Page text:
Activity Four:
  • The issues explored in Activity Three have produced a backlash in industrialized nations. For example see Joerg Haider: The Rise of an Austrian Extreme Rightist. Analyze the connection between the growing popularity of candidates such as Haider and globalization. What fears and concerns do they exploit? To which interest groups do you think they appeal?
Activity Five:
  • The uneasiness over globalization, as demonstrated in Seattle and in the rise of nationalist candidates, reflects a general uneasiness at the dawn of the twenty-first century. The Cold War dominated global affairs during the second half of the twentieth century. The abrupt end of that conflict between 1989 and 1991 forced analysts, particularly those in the West, to reevaluate their outlook on the future of the world.
  • Read the transcript from an interview given by Francis Fukuyama at Transcript: interview with Francis Fukuyama, author of The End of History and the Last Man. For a different viewpoint, read The Clash of Civilizations by Samuel Huntington (this is the article on which his 1996 book was based).  Summarize each man's predictions for the future. Who is more optimistic and who is more pessimistic? How do they view the future of Western values, especially the ideas of liberal democracy or of popular sovereignty? Do they predict that these values will become universal or that they will be increasingly challenged? Do they envision a peaceful liberal international order where nations work toward common goals or a more fractured world order?
Activity Six:
  • Fukuyama and Huntington wrote their books several years ago. How have recent trends in global affairs confirmed or contradicted their views? To pursue this task, go to DND/CF : Operations : Current Operations.  Scroll down and choose one conflict for every continent for further investigation. Are the issues religious, ethnic, or nationalistic? In other words, are people fighting to further the interests of their nation, or are they fighting to liberate an ethnic or religious minority?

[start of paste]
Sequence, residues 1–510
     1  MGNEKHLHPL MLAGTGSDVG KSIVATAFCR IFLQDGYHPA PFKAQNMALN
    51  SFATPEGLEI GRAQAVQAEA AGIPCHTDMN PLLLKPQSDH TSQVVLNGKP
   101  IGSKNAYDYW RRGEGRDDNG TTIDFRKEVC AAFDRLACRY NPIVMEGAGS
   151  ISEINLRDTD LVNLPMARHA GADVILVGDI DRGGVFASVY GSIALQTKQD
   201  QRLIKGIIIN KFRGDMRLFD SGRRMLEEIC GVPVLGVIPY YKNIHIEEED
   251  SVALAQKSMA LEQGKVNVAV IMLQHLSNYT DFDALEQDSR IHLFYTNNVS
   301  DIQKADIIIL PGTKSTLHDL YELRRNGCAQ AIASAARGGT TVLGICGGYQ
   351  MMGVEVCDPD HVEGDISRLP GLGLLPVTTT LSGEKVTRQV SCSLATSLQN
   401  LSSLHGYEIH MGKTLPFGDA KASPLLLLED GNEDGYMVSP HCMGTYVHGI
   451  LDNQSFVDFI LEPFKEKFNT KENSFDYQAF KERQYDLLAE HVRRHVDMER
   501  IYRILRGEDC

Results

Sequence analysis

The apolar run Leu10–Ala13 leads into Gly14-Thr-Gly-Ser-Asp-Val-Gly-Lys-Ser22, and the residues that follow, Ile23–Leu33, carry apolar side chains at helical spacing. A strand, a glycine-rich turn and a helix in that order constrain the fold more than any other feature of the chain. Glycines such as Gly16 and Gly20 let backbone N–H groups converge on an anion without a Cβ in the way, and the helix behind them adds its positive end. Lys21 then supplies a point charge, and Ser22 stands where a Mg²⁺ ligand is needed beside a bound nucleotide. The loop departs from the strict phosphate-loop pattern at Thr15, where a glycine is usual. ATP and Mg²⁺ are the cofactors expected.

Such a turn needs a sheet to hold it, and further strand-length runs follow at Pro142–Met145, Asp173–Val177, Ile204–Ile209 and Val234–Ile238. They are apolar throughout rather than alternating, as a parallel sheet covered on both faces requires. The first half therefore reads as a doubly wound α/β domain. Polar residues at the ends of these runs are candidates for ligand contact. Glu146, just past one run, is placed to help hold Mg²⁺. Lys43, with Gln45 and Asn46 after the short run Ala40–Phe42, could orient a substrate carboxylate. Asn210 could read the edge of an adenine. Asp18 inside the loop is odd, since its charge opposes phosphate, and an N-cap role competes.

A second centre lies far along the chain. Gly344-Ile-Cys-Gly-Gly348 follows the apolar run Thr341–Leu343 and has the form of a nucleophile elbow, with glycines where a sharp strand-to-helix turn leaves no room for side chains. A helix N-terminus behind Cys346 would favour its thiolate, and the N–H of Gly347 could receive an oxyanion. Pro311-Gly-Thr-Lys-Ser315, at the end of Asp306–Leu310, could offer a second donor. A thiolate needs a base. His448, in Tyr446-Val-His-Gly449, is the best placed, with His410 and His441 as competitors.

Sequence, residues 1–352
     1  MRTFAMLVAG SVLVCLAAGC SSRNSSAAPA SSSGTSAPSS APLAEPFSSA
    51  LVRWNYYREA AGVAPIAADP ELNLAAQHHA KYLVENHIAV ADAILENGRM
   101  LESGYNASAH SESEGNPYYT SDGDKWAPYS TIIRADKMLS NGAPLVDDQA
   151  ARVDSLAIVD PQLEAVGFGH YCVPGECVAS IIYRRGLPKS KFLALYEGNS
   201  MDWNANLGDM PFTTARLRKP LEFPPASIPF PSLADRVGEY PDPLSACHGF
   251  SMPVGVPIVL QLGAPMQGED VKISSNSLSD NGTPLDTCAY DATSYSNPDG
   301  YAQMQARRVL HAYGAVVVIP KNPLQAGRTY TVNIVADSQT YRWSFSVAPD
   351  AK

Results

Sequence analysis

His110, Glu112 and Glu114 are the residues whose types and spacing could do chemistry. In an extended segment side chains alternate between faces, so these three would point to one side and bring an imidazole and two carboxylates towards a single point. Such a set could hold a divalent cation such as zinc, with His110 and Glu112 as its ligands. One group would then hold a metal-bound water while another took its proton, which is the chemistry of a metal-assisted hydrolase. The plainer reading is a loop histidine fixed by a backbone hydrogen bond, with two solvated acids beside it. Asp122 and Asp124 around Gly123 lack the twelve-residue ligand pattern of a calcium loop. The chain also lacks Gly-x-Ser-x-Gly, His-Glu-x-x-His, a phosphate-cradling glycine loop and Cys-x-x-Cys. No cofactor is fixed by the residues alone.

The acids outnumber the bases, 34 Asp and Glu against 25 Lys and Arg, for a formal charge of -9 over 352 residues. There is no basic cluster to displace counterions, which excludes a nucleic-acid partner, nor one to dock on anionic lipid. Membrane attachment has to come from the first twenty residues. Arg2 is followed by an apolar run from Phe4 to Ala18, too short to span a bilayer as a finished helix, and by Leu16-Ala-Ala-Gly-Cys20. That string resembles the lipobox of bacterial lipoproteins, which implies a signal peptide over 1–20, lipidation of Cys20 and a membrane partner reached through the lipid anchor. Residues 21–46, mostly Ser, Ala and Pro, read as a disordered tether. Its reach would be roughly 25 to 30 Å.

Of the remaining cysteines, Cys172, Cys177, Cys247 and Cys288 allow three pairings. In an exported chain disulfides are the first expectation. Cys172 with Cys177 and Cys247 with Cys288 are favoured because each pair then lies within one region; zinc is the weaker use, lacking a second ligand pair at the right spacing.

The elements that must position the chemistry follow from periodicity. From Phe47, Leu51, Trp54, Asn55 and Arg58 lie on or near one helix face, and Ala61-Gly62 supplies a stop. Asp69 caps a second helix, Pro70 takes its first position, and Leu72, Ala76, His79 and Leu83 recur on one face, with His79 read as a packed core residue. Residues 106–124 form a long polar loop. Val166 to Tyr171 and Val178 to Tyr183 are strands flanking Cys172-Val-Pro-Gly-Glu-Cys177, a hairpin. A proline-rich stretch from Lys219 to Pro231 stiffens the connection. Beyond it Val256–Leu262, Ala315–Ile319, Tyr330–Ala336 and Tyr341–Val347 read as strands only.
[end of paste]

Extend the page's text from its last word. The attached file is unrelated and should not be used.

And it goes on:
• Visit the Official Website of the Bharatiya Janata Party, the ruling party in India today. Study the "Party History," "Party Philosophy," and the "Election Manifesto." You can access this information by clicking on these titles in the right-hand frame. Describe the goals of this political organization. Why has it been successful at the ballot box in the past few years?
  • Analyze the information at Carnegie Endowment for International Peace: NON-PROLIFERATION: Nuclear Arsenals of the Non-NPT Nuclear Weapon States. Who are the main rivals of these three nations with nuclear capabilities? Describe the nature of this antagonism. Is it economic, religious, or ethnic?
Activity Seven:
  • Globalization has created a whole new set of realities beyond the narrow confines of nation states. One major consequence of the revolution in transportation that has transformed the world since 1945 has been the emergence and spread of the AIDS epidemic. For a history of the disease, go to History, Pictures, and Origins of HIV and AIDS. Read the links under "AIDS and HIV History," and "Origin of HIV and AIDS." According to scientists where and how did AIDS originate? How did it spread? Among whom did it spread in different regions of the world?
  • For the current status of the spread of this disease, see Report on the global HIV/AIDS epidemic June 1998. Be sure to click the right-pointing arrow at the bottom of the picture and continue reading this essay through the next frame. Where has AIDS spread since the outbreak of the epidemic? Where do scientists predict it will spread in the future? What is the connection between the spread of AIDS and globalization? Can you think of any past episodes in world history that resemble this current situation?